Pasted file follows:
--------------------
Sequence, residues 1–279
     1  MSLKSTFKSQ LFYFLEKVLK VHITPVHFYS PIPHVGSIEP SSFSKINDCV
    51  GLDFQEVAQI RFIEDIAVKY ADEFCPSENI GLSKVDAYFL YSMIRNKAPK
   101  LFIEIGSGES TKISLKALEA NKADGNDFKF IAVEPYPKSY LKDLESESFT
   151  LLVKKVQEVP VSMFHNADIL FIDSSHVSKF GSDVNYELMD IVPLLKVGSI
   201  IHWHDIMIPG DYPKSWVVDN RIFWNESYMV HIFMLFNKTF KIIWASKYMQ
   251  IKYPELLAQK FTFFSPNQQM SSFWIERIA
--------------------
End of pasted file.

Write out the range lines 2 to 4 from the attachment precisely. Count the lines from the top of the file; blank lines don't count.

     1  MSLKSTFKSQ LFYFLEKVLK VHITPVHFYS PIPHVGSIEP SSFSKINDCV
    51  GLDFQEVAQI RFIEDIAVKY ADEFCPSENI GLSKVDAYFL YSMIRNKAPK
   101  LFIEIGSGES TKISLKALEA NKADGNDFKF IAVEPYPKSY LKDLESESFT